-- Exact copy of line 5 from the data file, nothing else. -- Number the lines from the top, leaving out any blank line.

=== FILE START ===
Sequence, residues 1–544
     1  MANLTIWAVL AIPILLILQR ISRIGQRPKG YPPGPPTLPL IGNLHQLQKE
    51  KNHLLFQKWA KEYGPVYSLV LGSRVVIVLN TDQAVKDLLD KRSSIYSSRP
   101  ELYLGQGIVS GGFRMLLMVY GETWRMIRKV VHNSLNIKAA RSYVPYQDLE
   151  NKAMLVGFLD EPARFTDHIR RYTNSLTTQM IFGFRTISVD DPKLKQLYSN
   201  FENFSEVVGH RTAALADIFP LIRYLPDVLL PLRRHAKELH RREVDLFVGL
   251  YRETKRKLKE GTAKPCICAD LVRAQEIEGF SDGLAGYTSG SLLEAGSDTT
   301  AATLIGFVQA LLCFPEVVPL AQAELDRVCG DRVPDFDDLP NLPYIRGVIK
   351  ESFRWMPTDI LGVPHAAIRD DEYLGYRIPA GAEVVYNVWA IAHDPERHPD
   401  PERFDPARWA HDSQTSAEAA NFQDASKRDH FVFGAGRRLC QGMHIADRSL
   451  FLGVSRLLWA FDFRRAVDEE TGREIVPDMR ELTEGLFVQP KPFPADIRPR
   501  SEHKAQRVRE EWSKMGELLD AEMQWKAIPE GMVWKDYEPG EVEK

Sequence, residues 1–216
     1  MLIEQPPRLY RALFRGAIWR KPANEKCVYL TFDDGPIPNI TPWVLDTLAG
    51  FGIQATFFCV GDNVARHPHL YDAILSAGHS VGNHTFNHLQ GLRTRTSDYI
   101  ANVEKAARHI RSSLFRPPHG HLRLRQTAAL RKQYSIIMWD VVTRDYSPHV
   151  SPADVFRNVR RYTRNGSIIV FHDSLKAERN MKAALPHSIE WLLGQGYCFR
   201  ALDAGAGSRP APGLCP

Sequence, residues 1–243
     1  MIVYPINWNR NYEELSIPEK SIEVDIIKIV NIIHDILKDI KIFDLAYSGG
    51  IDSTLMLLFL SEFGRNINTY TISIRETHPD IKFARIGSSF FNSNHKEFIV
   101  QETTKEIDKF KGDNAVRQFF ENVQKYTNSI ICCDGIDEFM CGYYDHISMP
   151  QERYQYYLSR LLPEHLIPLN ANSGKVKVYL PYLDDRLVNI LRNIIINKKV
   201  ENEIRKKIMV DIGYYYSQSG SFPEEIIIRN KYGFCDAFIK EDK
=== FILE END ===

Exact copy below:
   151  NKAMLVGFLD EPARFTDHIR RYTNSLTTQM IFGFRTISVD DPKLKQLYSN